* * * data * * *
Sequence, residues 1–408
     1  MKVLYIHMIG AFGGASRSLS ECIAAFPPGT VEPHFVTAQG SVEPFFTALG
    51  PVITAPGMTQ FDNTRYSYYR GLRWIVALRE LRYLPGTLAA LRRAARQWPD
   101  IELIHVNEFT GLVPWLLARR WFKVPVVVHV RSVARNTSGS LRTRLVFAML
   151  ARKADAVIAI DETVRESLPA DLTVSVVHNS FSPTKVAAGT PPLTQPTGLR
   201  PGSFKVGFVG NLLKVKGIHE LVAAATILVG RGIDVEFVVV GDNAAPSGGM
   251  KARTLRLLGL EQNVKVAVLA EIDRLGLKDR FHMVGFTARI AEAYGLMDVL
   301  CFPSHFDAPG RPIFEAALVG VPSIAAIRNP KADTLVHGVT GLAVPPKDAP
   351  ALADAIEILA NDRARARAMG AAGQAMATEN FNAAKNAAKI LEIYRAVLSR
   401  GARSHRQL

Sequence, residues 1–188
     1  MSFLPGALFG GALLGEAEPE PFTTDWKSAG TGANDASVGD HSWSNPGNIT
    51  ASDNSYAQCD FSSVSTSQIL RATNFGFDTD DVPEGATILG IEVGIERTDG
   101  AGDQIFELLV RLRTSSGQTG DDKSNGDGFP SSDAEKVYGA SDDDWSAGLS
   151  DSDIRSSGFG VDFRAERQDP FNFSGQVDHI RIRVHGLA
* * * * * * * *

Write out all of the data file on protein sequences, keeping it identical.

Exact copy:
Sequence, residues 1–408
     1  MKVLYIHMIG AFGGASRSLS ECIAAFPPGT VEPHFVTAQG SVEPFFTALG
    51  PVITAPGMTQ FDNTRYSYYR GLRWIVALRE LRYLPGTLAA LRRAARQWPD
   101  IELIHVNEFT GLVPWLLARR WFKVPVVVHV RSVARNTSGS LRTRLVFAML
   151  ARKADAVIAI DETVRESLPA DLTVSVVHNS FSPTKVAAGT PPLTQPTGLR
   201  PGSFKVGFVG NLLKVKGIHE LVAAATILVG RGIDVEFVVV GDNAAPSGGM
   251  KARTLRLLGL EQNVKVAVLA EIDRLGLKDR FHMVGFTARI AEAYGLMDVL
   301  CFPSHFDAPG RPIFEAALVG VPSIAAIRNP KADTLVHGVT GLAVPPKDAP
   351  ALADAIEILA NDRARARAMG AAGQAMATEN FNAAKNAAKI LEIYRAVLSR
   401  GARSHRQL

Sequence, residues 1–188
     1  MSFLPGALFG GALLGEAEPE PFTTDWKSAG TGANDASVGD HSWSNPGNIT
    51  ASDNSYAQCD FSSVSTSQIL RATNFGFDTD DVPEGATILG IEVGIERTDG
   101  AGDQIFELLV RLRTSSGQTG DDKSNGDGFP SSDAEKVYGA SDDDWSAGLS
   151  DSDIRSSGFG VDFRAERQDP FNFSGQVDHI RIRVHGLA